Screen Shot 2018-09-08 at 1.04.49 AM

Now the length of our example string, str1 is 17.  If the target length is less than the size of the primary string, the primary string will be returned. If the target length is less than the size of the primary string and the added string, the added string will be truncated to fit the target length. Example below:

Screen Shot 2018-09-08 at 1.14.54 AM.png

If your browser doesn’t have these methods because it doesn’t support ECMAScript 2017 you can actually write your own methods and add them to the String prototype, extending it. I changed the styling such that it can fit in a smaller picture, so heres an example of padEnd() implemented by me: below. See also the repl link if you would like to play with it

Screen Shot 2018-09-08 at 1.37.56 AM

Screen Shot 2018-09-08 at 1.42.44 AM.png

Uncaught TypeError: Super expression must either be null or a function, not undefined in React app

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Running a react app, nothing is showing up.

This is the error I am getting in console:

Uncaught TypeError: Super expression must either be null or a function, not undefined

From bundle.js:22486

In console, I  expand and click on the link to  bundle.js:22486

I get back this line, but the important part is at the end:

    function _inherits(subClass, superClass) { if (typeof superClass !== “function” && superClass !== null) { throw new TypeError(“Super expression must either be null or a function, not ” + typeof superClass); } subClass.prototype = Object.create(superClass && superClass.prototype, { constructor: { value: subClass, enumerable: false, writable: true, configurable: true } }); if (superClass) Object.setPrototypeOf ? Object.setPrototypeOf(subClass, superClass) : subClass.__proto__ = superClass; } // import React, {Componenet} from ‘react’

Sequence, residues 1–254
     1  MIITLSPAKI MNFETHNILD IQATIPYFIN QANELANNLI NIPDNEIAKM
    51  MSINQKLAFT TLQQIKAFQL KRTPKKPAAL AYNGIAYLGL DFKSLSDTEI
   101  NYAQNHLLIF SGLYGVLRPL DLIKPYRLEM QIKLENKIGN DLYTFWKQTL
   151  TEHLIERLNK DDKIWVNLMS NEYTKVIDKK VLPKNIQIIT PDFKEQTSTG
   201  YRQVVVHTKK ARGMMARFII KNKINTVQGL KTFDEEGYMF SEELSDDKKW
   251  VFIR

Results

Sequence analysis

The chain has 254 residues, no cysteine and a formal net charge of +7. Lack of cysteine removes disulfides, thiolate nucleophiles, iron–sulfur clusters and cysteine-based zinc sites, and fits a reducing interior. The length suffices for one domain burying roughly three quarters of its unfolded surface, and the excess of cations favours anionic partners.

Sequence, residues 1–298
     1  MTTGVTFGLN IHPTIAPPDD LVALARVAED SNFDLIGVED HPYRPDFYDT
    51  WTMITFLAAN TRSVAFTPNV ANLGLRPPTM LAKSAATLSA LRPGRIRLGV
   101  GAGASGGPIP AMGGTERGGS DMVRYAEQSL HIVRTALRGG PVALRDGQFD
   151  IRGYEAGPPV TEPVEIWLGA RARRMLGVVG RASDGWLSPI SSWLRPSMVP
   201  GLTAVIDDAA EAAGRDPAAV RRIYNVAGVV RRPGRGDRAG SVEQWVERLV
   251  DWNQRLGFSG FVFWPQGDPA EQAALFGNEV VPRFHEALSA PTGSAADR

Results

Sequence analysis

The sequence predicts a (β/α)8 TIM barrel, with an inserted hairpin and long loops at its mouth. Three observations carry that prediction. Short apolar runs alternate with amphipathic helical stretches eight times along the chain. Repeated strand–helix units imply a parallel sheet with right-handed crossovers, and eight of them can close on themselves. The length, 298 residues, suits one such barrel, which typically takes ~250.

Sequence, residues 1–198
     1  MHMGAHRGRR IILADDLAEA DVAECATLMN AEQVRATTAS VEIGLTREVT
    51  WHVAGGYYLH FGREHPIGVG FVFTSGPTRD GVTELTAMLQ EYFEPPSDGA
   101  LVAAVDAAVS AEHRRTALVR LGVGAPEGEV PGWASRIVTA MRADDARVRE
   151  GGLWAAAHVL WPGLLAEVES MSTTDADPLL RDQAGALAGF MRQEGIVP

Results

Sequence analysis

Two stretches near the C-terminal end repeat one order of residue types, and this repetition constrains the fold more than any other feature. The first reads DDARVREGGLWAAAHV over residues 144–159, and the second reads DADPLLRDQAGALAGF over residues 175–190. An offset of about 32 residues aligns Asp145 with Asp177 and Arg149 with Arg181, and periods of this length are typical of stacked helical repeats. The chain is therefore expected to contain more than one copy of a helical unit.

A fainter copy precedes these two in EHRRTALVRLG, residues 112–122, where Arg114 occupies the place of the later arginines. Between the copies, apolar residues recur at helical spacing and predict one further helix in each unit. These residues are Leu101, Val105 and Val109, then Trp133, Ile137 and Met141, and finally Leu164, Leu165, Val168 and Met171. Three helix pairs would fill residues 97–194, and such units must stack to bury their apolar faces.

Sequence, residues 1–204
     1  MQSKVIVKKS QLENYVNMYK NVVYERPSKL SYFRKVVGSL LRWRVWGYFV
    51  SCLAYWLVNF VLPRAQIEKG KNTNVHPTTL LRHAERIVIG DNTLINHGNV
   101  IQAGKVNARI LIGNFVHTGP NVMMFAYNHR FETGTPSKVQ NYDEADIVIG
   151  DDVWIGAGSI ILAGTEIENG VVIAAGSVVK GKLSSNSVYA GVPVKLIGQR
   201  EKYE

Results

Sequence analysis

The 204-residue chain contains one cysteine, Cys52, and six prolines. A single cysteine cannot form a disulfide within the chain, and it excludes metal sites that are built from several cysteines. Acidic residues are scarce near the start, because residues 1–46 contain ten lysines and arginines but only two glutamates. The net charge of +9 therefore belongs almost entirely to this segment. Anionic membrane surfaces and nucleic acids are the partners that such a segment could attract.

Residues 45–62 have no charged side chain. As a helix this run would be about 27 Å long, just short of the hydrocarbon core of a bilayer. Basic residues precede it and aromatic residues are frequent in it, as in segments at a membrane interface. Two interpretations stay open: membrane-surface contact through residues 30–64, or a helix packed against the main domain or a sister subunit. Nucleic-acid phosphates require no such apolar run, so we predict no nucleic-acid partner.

Can you see what was wrong?

I spelled Component wrong. But the error doesn’t directly say that, you need to dig a little.

One I fixed the error, I was able to see my app

React: TypeError: Cannot read property ‘request’ of undefined

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I was getting the error : TypeError: Cannot read property ‘request’ of undefined  while I was building a react lab.


I noticed it said something about components not installed. I had ran npm install before but that wasn’t the fix.


yarn install is what fixed it, looks like some packages depended on yarn rather than npm.


Heroku: No default language could be detected for this app.

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I was uploading a vanilla JavaScript application to heroku.

Looks like I will need a buildpack for it to deploy. This is so Heroku can understand what type of app it has.

Solution1: Just deploy it as a github page. 

Since its a static site, there is nothing “serving” index.html, and heroku is a cloud platform, hosting apps, not a “webhost” in the web 2.0 sense.

Since I want to keep everything on heroku for now, lets see what else we can do.

Attempted Solution: rename index.html to index.php

The least effort solution is to rename your default file to index.php and redeploy. Heroku will detect it as a PHP site and use that buildpack. – John Beynon

Very curious! Would this work? Why not try it out.

hmm appears to work! I was going to deploy a sinatra app or ry the heroku static bundle and I will probably do that anyway but this quick solution can be a real timesaver!